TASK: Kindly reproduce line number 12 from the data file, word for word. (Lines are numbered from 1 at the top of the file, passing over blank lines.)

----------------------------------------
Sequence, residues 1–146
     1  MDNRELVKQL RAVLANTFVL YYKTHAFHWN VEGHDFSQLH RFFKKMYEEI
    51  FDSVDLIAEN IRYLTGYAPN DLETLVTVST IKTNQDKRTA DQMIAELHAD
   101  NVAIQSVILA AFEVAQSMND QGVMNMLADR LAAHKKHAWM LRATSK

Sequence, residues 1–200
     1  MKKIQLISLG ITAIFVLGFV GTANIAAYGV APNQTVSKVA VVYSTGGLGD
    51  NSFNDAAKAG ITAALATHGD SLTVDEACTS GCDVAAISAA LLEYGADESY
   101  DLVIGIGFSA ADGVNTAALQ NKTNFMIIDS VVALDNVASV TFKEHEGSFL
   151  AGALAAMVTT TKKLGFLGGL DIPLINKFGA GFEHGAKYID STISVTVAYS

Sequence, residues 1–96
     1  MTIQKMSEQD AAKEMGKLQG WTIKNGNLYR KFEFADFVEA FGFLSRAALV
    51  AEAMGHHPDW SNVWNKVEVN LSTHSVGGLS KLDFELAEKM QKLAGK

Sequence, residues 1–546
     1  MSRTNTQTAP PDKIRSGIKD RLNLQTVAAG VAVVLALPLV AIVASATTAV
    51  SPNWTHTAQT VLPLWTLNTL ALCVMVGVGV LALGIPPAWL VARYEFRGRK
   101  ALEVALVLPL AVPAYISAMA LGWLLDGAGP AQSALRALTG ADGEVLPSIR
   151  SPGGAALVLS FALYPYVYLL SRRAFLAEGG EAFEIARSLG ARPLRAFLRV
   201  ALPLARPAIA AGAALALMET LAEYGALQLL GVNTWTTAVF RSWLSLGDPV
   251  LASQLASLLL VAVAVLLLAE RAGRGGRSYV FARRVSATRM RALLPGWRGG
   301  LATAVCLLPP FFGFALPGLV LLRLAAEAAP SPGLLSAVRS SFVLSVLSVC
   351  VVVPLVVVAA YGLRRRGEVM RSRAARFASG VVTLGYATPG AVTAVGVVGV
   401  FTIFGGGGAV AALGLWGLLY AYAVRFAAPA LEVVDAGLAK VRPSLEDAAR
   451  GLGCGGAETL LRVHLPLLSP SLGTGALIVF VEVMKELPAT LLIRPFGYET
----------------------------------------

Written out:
    51  AEAMGHHPDW SNVWNKVEVN LSTHSVGGLS KLDFELAEKM QKLAGK